When your company’s human resources problems attract the attention of a famous politician, you know you’re in trouble. At a rare public appearance a few weeks ago, Hillary Clinton spoke about the need for more women “at any table . . . where decisions are made” — and called out Uber by name over those recent accusations of a culture of sexism in its workplace.
Uber’s recently released “diversity report” has done little to assuage the concerns of critics, as it shows that close to 80 percent of the company’s leadership is male. Yet Uber isn’t alone in this regard, and many people have pointed out that its numbers are not that different from those at other tech companies.
Indeed, our research here at Babson College Center for Women’s Entrepreneurial Leadership shows that gender diversity is a problem throughout the startup world. Only 15 percent of VC-funded companies have a woman on their executive team, and a mere 3 percent have a woman CEO. Although women are gaining ground, men are still 50 percent more likely than women to become entrepreneurs.
This lack of diversity isn’t bad just for women; it’s bad for business. Numerous studies have shown that greater gender diversity on boards and in corporate leadership positions is associated with greater profitability and higher stock values.
How do we increase the number of women entrepreneurs and executives? Part of the solution is to revamp the educational pipeline that shapes future talent. We need to train students of all backgrounds and genders to envision women as CEOs, entrepreneurs and innovators, and to understand how gender dynamics affect their teams, products — and bottom line.
As the training ground for tomorrow’s leaders, business schools and university business programs play an important role in setting the tone. Yet we often present an outdated vision of business leadership. Research shows that women are marginalized throughout business school, from the language used in classrooms to the makeup of the faculty, to the representations of entrepreneurship in academic papers and case studies.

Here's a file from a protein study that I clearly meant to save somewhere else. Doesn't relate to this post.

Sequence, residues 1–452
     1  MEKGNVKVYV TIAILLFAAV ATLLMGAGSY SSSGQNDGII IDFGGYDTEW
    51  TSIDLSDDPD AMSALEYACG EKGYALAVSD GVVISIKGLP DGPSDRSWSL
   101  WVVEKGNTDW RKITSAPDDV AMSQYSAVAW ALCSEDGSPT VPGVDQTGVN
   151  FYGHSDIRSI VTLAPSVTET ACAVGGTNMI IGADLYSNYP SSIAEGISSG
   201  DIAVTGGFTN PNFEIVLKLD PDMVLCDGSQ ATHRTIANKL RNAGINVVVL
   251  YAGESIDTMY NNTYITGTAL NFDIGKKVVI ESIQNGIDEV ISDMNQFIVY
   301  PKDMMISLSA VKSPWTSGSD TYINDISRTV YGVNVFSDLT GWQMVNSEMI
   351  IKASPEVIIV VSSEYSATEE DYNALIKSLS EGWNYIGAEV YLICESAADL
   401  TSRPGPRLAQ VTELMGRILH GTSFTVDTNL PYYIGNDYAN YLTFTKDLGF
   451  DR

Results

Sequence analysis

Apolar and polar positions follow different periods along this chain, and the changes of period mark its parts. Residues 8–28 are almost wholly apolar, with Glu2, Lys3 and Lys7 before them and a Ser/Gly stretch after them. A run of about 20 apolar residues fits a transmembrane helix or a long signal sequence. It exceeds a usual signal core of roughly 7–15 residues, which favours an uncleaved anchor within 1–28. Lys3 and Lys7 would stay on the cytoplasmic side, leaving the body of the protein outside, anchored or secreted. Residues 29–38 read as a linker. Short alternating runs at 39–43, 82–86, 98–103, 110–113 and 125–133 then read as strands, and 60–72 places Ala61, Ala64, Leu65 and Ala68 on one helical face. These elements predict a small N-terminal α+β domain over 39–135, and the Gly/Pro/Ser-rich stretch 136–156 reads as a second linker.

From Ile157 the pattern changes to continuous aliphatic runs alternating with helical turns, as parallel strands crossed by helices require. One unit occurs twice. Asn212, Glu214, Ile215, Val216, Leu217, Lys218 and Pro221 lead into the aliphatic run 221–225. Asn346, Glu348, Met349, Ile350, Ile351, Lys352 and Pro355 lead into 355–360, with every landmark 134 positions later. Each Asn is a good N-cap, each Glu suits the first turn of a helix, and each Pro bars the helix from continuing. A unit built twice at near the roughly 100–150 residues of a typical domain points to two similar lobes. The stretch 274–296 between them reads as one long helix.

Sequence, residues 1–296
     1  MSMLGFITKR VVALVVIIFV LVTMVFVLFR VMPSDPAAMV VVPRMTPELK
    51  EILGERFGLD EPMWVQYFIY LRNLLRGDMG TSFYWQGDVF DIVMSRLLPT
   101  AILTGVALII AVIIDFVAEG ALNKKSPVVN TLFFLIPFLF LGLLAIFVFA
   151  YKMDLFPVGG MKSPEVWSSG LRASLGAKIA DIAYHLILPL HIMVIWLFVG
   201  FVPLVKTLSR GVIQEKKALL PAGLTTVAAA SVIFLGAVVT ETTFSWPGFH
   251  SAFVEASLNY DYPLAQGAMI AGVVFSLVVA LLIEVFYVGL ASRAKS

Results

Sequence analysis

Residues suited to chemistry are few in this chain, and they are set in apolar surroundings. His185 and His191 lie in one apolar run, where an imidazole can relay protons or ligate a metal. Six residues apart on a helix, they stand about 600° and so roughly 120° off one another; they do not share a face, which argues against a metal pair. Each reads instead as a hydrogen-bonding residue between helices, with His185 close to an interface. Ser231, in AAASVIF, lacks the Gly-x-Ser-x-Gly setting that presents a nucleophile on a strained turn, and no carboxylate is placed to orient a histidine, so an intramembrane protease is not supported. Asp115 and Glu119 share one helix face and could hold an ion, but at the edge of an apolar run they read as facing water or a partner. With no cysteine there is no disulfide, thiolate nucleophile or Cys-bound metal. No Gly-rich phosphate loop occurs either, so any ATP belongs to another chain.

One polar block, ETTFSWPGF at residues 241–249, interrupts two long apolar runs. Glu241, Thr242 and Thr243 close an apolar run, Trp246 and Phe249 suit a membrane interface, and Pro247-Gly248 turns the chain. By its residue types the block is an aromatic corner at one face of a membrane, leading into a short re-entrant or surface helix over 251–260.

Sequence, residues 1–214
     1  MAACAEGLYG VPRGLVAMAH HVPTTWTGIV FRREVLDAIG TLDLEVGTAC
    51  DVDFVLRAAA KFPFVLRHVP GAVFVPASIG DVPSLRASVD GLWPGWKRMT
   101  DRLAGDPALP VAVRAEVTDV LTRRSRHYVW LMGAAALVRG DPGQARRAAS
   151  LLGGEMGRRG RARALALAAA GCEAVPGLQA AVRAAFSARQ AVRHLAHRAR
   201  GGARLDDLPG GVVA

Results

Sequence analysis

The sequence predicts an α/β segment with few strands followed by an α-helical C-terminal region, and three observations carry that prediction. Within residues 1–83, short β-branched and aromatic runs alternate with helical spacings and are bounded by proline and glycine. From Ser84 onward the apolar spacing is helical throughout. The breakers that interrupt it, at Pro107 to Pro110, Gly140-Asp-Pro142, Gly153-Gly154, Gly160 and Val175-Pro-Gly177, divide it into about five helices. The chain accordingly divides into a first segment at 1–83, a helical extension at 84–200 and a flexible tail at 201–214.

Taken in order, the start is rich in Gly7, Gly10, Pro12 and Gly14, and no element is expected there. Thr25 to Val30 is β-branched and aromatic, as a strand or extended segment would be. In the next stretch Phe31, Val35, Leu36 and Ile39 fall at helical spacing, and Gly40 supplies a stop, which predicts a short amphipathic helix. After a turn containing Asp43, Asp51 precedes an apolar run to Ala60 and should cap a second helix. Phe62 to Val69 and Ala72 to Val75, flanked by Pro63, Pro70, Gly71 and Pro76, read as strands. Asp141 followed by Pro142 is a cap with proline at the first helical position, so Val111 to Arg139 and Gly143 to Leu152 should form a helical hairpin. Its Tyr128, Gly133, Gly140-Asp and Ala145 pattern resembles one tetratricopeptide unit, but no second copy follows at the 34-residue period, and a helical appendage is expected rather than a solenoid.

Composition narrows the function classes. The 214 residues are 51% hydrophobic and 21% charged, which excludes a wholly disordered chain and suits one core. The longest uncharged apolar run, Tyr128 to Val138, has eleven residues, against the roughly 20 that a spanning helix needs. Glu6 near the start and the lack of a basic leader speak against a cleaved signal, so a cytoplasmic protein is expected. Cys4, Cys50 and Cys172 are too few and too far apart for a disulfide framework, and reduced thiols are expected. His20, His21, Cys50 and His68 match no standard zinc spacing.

That needs to end.
The missing gender
As an example: Business students spend hours poring over case studies that disproportionately feature CEOs and key decision-makers who are men. One study found that only 11 percent of the 74 most popular cases from 2009 to 2015 had a woman protagonist, and nearly half failed to include any women at all.
Business students also learn primarily from men, since typically only 15 percent to 25 percent of professors at top business schools are women. These disparities present future CEOs, entrepreneurs and managers with a vision of business leadership that is almost exclusively male.
That’s unfortunate because, in today’s economy, gender acumen is a requisite leadership skill. Understanding gender is essential for optimizing relationships with employees, customers and colleagues. We expect MBA programs to expose students to a variety of business sectors and experiences, ranging from entrepreneurship and corporate leadership, to finance and marketing. Shouldn’t gender be as important as race, ethnicity and other dimensions of diversity?